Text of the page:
Recent technology shakeouts have hit public confidence in the business-to-consumer (B2C) market, and Internet trading is patchy with some successes, many failures and just a few really profitable operations. Things are very different in the business-to-business (B2B) arena. “For us the Internet and B2B is really an extension of EDI,” says Ribbink. “We had already implemented the infrastructure for running Glovia from multiple sites over the Internet, while some of our competitors were still using EDI as a glorified fax machine!
“The advantage of Glovia is that it’s fully integrated. We can enter sales orders from customers in their native language, and these are directly connected to the whole database, so we can respond to them very efficiently. We’re now looking at Glovia’s e-commerce modules for our ordering system.”
When implemented, these will enable Ten Cate’s customers to check order status on-line, 24 hours a day from anywhere in the world. “It will be an excellent customer service facility,” says Ribbink. “They will have the same information that we’re working from.”
Ten Cate has a clearly defined buy and build strategy. It acquires and develops complementary businesses that extend its product range and market penetration. “For this strategy to work you must have a flexible ERP system that you can adapt to new business models,” says Ribbink. “We now have lots of different processes for supplying our GSM, printer, and small business markets and we find that it’s very easy to extend Glovia to our new business operations. Glovia fits our way of doing things – not the other way round – and that’s a key requirement as far as I’m concerned.”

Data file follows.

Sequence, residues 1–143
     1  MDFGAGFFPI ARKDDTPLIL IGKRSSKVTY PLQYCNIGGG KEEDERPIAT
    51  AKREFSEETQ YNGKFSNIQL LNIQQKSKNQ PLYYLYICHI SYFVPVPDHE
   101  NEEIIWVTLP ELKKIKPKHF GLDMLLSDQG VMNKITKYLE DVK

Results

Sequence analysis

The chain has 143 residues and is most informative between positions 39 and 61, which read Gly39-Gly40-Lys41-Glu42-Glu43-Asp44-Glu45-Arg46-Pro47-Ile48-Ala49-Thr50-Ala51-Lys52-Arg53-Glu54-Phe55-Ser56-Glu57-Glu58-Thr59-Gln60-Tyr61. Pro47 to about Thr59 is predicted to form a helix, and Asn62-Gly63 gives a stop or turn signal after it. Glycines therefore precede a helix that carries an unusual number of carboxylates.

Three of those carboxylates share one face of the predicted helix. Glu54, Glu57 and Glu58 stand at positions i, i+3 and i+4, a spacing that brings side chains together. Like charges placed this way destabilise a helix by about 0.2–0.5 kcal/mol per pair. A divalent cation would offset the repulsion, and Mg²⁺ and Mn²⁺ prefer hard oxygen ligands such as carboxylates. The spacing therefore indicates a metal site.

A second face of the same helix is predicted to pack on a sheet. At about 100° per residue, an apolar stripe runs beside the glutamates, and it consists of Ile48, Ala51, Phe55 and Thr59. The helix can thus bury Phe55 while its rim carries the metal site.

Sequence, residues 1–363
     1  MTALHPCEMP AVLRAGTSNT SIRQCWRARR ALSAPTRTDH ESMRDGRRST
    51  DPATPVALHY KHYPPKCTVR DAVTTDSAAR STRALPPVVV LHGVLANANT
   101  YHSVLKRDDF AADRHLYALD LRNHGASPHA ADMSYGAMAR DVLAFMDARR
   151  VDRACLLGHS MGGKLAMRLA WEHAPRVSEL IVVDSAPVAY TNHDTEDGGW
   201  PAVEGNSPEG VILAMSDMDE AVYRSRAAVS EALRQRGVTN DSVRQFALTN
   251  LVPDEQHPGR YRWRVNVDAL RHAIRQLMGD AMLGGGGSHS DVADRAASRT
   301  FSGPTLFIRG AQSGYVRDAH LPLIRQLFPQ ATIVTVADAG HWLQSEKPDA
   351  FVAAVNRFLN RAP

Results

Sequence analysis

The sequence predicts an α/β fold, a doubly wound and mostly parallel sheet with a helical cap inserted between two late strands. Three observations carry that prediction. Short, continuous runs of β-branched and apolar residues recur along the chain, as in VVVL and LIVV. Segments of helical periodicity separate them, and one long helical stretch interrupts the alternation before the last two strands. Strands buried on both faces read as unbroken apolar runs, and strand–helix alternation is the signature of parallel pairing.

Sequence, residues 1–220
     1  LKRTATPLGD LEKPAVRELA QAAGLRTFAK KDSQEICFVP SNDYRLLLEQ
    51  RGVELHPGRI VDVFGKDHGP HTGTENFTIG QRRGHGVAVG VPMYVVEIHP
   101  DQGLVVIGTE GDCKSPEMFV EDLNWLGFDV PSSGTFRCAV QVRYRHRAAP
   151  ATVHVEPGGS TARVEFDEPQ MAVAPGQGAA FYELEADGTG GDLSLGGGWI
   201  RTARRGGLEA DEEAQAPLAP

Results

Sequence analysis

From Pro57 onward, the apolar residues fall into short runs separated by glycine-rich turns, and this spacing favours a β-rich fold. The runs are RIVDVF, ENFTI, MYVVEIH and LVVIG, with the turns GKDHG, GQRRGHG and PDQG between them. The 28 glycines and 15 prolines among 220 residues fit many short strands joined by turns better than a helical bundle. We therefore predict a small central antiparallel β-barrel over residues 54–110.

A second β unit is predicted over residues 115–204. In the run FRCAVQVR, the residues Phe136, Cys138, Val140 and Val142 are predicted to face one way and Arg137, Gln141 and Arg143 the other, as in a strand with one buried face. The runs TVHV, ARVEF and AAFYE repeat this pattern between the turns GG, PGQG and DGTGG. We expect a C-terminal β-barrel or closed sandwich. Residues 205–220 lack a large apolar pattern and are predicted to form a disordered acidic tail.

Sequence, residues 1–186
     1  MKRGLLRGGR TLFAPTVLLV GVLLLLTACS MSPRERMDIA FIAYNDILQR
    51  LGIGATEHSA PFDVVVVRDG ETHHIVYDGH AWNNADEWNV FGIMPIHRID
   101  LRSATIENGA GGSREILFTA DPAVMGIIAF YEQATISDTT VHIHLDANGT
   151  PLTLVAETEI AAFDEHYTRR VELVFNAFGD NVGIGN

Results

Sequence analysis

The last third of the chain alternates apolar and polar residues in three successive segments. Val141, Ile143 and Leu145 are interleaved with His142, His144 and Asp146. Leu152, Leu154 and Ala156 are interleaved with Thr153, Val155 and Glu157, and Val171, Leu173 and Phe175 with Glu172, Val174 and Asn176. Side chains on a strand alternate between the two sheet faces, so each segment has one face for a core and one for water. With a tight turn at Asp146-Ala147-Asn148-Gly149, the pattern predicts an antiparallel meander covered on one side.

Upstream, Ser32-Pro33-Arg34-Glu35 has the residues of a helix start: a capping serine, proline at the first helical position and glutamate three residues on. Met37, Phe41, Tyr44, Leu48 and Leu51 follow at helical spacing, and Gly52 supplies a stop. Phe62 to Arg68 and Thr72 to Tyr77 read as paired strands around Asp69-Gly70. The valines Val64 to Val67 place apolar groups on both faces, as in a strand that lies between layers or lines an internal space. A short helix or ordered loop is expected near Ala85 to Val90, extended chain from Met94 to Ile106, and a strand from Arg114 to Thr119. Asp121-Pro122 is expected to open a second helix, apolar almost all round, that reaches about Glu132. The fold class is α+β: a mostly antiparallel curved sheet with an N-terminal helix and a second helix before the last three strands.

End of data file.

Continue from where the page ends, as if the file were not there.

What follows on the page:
In the future, Roel Durlinger believes that Glovia will form the basis for a centralized IT service within Ten Cate. “I think they’ve chosen the right database with Oracle and we’re already seeing integration with other applications. This means that Glovia will give us even better management information than we’re getting at the moment. Eventually it could become a global IT center – a single source of information, accessible from anywhere in the world.”
Ribbink agrees with this view, adding: “The fact that Glovia is now fully owned by Fujitsu gives us confidence in their stability and we can plan a long term future together.”